A new report from the U.S. Public Interest Research Group (PIRG) reveals that state governments lost $39.8 billion in revenues because corporations and wealthy individuals are using offshore tax havens to avoid paying their statutory tax rates. We've seen the devastating effects that offshoring jobs have had on America's workers, and offshoring has long been talked about in terms of lost federal revenue, where $150 billion a year goes unpaid, but little focus has been given to state losses from the practice. Federal and state tax laws allow companies to claim that at least some portion of their profits were earned in other countries, particularly those whose tax rates are low or nonexistent.
According to PIRG, such offshoring is both damaging to the states and unfair:
Tax haven abusers benefit from our markets, infrastructure, educated workforce and security, but they pay next to nothing for these benefits. Ultimately, taxpayers must pick up the tab, either in the form of higher taxes, cuts to public spending priorities or increased national debt.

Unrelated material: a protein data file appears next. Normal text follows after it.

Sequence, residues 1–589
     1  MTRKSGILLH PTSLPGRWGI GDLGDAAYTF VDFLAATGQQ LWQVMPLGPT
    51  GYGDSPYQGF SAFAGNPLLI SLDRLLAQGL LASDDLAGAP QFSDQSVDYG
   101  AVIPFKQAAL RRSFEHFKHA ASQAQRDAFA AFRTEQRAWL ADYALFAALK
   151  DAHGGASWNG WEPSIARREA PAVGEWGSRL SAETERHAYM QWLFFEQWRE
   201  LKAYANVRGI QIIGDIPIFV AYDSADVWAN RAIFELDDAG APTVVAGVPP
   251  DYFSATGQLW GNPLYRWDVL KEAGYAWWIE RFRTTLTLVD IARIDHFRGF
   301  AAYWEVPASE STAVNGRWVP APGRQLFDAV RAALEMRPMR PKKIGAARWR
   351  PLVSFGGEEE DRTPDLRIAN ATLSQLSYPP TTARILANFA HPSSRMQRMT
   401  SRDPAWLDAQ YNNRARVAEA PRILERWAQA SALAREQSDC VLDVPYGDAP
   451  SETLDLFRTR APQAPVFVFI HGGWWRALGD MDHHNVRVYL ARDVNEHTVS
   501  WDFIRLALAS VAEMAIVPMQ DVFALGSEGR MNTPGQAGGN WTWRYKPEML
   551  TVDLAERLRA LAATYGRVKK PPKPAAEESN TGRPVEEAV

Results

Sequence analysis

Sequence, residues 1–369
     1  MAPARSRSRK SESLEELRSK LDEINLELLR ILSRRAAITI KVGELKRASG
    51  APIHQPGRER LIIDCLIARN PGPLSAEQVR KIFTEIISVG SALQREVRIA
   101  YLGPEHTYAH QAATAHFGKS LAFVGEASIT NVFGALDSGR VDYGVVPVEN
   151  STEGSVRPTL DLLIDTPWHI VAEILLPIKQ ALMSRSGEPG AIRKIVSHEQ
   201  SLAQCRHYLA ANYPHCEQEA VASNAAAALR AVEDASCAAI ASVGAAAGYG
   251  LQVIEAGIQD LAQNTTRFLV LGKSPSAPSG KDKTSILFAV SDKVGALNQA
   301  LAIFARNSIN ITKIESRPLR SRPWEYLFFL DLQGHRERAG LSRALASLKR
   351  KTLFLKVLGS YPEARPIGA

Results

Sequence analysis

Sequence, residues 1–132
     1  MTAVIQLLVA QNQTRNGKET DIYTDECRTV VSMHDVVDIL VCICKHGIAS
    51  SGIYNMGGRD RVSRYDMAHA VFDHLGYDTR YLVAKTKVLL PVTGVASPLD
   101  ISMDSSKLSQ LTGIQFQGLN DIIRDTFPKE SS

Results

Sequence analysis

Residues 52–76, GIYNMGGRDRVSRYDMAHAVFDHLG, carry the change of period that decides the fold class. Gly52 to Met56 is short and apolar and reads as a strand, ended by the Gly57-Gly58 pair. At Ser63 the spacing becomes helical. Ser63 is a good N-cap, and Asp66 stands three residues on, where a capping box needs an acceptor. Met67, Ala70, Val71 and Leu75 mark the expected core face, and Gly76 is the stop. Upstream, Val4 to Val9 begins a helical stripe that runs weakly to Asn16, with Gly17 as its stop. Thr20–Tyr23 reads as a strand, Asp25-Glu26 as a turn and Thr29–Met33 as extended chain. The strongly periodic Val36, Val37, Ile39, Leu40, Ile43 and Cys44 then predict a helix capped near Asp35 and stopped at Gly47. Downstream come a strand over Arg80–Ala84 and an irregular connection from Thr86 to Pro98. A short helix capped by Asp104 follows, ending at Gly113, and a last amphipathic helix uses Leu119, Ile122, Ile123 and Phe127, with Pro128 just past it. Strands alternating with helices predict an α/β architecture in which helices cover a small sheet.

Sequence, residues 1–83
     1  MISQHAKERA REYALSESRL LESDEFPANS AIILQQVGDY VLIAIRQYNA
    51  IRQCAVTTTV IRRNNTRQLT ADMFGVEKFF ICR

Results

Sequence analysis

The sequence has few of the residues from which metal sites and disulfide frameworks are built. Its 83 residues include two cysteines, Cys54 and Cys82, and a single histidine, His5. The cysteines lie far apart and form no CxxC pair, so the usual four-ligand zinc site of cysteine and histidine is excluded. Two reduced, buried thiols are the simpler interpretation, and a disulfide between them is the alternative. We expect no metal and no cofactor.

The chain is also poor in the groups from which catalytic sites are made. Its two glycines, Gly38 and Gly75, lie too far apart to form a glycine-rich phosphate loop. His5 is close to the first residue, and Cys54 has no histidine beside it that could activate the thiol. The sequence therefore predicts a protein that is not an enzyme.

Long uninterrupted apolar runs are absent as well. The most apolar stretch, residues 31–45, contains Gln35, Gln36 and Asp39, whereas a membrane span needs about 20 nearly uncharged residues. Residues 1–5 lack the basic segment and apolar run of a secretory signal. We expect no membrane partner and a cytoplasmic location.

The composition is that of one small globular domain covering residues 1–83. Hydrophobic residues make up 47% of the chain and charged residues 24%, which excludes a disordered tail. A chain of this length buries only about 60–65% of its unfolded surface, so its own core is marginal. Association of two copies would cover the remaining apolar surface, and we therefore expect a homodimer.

While the federal government is gridlocked and has little chance for changing these tax laws right now, PIRG says it is much easier for the states to attempt to recapture this lost revenue and offers up several legislative options that could make state revenue collection more fair:
1. States can “decouple” their tax system from the federal tax system.
2. States can require worldwide combined reporting for multinational corporations.
3. States should urge their federal representatives to reject a “territorial” tax system, which would further erode state revenue.
4. States can require increased disclosure of financial information about corporations’ business presence in other countries and how they price their transfers with their own foreign subsidiaries; as well as to explain why large disparities exist between the profits corporations report to shareholders and tax authorities.
5. States could withhold taxes as part of federal FATCA (Foreign Account Tax Compliant Act) withholding.